"When should I start my descent? How fast should I descend? I know there are electronic tools that help with this planning, but is there a simple way to decide the best time to start down?" —Shawn P.
“Good descent planning takes some thought but it will pay off in efficiency and passenger comfort, so it’s clearly worth the effort. But how to do it safely, smoothly and efficiently; that is what we are trying to accomplish.
Let’s look at an easy example:
The air is smooth all the way down, we have no passengers with ear problems, and the 45 (degree) to the downwind is between us and the airport. In this case, we want to be at pattern altitude prior to entering the downwind leg. So simply subtract pattern altitude, let’s use 1000 MSL feet in this example, from your cruise altitude of 8500 MSL. This tells you that you need to descend 7500 feet. Now divide 7500 by 500 feet per minute and you will see that it will take approximately 15 minutes for the descent. If our ground speed is 120 knots, we will travel about 30 miles in 15 minutes. So, I would begin the descent about 32 miles away and attempt to maintain a 500 foot per minute rate of descent. This should get you to pattern altitude and stabilized prior to entering the downwind leg.
If you plan to fly over the airport either to enter the downwind leg on the other side of the airport or to simply inspect the airport, I use the same formula except I plan the descent to arrive over the airport at 2000 feet above airport elevation. So in the above example, I would begin that descent at 28 miles away.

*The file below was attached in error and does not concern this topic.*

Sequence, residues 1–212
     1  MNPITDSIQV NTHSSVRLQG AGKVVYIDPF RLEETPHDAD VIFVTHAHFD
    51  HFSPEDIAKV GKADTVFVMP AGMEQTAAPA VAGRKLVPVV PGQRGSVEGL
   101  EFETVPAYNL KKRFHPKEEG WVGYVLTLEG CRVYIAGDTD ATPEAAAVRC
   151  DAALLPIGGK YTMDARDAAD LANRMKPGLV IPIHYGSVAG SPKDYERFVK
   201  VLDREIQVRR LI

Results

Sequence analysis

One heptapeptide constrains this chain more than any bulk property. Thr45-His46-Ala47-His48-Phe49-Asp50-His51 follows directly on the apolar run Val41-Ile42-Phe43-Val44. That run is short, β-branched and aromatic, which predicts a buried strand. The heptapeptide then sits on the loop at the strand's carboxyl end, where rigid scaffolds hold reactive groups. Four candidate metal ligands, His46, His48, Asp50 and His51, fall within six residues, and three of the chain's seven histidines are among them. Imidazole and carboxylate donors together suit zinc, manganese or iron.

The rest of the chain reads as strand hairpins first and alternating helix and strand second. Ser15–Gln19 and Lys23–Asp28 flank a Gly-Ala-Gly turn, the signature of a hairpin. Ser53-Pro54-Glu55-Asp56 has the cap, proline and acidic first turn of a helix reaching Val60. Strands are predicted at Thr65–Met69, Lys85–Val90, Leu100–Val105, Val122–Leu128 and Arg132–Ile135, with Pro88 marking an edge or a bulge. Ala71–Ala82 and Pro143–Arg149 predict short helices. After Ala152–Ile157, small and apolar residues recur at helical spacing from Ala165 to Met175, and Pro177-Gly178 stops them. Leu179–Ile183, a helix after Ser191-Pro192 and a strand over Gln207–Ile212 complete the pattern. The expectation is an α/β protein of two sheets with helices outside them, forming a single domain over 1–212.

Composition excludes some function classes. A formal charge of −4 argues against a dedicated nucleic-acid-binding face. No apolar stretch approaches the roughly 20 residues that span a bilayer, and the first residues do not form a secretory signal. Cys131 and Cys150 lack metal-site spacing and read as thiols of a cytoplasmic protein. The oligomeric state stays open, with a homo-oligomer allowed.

If you have passengers with ear issues, you should plan on a more gradual descent. Whenever I have young children onboard I expect ear issues and plan accordingly. In that case, I plan on a 300 foot per minute descent. So, each one thousand feet will take a little more than 3 minutes.
Another issue is turbulence at the lower altitudes. Often on summer days, you can be cruising along at 8000 feet above those puffy clouds and in cool air. But from 5000 feet on down the air will be turbulent and temperatures will get hotter. These are the conditions that can make your passengers uncomfortable or even ill. So, I descend normally until I get to the top of the bumpy air and then level off. I stay there until I am quite close to the destination and then make a low power, slow speed descent at approximately 1000 feet per minute. Keeping the speed down reduces the severity of the turbulence, but you need to be watchful of passenger ear issues.
Naturally, winds will change as you descend and so will your ground speed, but it is easy to set a few benchmarks in the descent and then adjust as needed. For example in our first plan, I might decide that I should be descending through 4500 MSL as I pass 16 miles out. Now as I pass the 16-mile mark, I can adjust my descent if needed. I do this math while in cruise and write it down so I don’t have to work it out on the fly.
If I intend to make an instrument approach at the destination, I still use 500 feet per minute as my target and plan to be at the final approach crossing altitude 2 miles prior to that fix.”
How do you typically plan your long descents?